My Scott O’Dell Award Challenge: CHAINS by Laurie Halse Anderson

Scott O'Dell Award

Scott O’Dell Award

This month’s historical fiction novel for my Scott O’Dell Award Challenge is the 2009 award winner, Chains, by Laurie Halse Anderson.

Chains begins in the spring of 1776, when Isabel and her younger sister, Ruth, are sold to a New York couple posing as Patriots. Isabel’s main goals are to take care of her sister and to not anger her new masters. However, as the war between the Patriots and British envelopes New York, Isabel begins to see the larger issues of freedom and determines to be free of all her chains, physical and otherwise.

History Lesson:

Slaves caught in the middle–In the novel, as well as in the appendix, Anderson shows the fate and dilemmas of the black slaves during the Revolutionary War. Black men fought on both sides of the war. Some were slaves who served their soldier owners, some were slaves serving in place of their owners, some were freedmen, and some were runaways.

Some chose to fight on the side of the Patriots, believing that once the colonists were free from Britain, the Patriots would free the slaves. Some chose to fight on the side of the British because the British promised freedom.

The thing I didn’t know was that when the British promised freedom to runaway slaves, it was only to slaves of Patriots, not Loyalists. In fact, they would return runaway slaves to Loyalists.

Anderson points out that neither the Americans nor the British offered freedom to slaves because of opposition to slavery. Any promises of freedom, by either side, was war-time strategy.

Writing Lesson:

Rising stakes–Often writers like their characters so much, they have trouble making trouble for their characters. But, if there isn’t enough conflict, there won’t be a story.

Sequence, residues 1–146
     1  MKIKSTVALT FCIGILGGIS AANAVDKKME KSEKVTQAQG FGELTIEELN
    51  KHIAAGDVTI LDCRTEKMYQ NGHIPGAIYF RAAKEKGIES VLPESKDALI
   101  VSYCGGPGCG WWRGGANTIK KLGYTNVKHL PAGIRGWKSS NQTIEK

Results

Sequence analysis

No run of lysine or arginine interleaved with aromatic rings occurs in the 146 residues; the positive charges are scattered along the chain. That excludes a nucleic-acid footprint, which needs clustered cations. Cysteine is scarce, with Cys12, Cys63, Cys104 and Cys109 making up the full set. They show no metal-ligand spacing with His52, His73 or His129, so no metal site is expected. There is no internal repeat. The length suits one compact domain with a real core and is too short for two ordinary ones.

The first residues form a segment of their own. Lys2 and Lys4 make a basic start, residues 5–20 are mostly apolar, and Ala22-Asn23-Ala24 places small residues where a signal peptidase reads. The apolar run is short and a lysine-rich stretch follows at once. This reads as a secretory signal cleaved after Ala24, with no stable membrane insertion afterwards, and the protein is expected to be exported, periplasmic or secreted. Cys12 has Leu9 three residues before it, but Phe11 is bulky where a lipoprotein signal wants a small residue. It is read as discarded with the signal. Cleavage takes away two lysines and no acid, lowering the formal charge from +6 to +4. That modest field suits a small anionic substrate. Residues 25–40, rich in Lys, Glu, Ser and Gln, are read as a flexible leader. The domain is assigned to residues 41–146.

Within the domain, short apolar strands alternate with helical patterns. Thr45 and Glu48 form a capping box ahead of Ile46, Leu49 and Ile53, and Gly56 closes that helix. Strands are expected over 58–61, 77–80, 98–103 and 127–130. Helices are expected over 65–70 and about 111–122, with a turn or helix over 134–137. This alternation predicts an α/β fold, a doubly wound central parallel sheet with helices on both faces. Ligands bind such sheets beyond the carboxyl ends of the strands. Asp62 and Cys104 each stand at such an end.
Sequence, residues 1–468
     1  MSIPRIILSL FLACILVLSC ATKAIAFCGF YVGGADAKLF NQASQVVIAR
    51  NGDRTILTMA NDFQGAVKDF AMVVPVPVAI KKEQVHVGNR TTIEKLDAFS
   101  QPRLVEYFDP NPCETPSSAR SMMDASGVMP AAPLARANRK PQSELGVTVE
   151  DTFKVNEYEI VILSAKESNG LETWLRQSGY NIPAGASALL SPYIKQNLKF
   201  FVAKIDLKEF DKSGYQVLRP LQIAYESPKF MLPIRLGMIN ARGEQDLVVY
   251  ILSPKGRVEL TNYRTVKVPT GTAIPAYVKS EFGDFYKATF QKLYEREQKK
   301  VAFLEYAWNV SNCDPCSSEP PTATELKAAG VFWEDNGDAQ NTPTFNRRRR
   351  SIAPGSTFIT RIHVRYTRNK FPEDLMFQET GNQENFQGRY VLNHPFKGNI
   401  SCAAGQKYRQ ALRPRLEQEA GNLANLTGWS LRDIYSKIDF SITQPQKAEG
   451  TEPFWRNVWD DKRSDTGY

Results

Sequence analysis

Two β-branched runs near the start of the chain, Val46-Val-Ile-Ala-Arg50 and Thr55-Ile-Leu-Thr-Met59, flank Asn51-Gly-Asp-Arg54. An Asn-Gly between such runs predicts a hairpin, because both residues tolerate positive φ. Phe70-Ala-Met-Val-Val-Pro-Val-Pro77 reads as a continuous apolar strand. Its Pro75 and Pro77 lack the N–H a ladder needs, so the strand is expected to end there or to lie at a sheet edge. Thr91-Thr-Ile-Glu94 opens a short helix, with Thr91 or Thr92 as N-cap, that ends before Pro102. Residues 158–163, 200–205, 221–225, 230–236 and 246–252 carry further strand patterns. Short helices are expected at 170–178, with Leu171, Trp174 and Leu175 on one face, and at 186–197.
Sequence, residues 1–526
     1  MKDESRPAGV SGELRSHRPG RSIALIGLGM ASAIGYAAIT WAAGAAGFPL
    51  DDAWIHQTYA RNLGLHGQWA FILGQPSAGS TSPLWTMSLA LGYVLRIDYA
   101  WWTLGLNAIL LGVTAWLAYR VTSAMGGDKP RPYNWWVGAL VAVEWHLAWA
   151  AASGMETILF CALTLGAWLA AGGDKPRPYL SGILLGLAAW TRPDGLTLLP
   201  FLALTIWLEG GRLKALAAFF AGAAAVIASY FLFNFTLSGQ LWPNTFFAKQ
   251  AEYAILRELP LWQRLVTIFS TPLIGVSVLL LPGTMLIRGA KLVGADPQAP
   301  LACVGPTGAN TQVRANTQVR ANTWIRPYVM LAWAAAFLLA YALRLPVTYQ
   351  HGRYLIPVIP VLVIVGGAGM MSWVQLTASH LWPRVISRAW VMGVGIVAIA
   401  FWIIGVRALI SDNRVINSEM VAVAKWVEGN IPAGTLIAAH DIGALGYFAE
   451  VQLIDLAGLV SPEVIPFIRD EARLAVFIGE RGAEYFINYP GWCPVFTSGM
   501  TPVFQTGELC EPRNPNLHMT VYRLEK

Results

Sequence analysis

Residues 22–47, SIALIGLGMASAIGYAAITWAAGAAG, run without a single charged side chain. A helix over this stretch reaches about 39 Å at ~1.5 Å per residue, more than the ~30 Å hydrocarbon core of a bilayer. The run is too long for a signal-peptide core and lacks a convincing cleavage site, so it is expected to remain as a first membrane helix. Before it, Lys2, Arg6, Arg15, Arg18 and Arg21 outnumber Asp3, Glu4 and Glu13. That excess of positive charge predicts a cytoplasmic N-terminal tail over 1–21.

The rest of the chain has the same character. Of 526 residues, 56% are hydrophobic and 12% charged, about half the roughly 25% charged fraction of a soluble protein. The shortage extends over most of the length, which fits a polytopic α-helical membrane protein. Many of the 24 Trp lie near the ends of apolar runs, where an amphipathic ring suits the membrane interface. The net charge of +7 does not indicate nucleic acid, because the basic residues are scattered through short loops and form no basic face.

Anderson did a great job making things tough, and tougher, for Isabel. I’ll try not to give away any spoilers, but Isabel starts off as a slave with no control over her future. This is ground-level conflict. Then Anderson gives Isabel a young sister who is helpless without her. So, now, the conflict doesn’t just involve Isabel, but also someone she loves.

Then the two girls are sold to a cruel couple. This couple is pretending to be Patriots in Patriot-held New York. However, not only are they Loyalists, but they are plotting against George Washington. Isabel begins to spy for the Patriots, then the British take control of New York. Each point of conflict gets bigger and has greater stakes, or consequences, for Isabel or people she cares about.

Anderson makes things worse for Isabel, including having Isabel experience torture and near death. Why do this? The increasing conflict/stakes builds tension in the readers and keeps them reading the story. If the worst that can happen isn’t very bad, or if it happens right away in the book, readers will lose interest.

For more information:

Laurie Halse Anderson

Fighting…Maybe For Freedom, But Probably Not

Revolutionary Changes and Limitations: Slavery

Slavery, the American Revolution, and the Constitution

Join me, July 28, for my next challenge book, the 1989 Scott O’Dell Award winner, The Honorable Prison by Lyll Becerra de Jenkins.

What other kids books deal with slavery during the American Revolutionary War? What children’s authors do you admire for making things increasingly tough for their characters?

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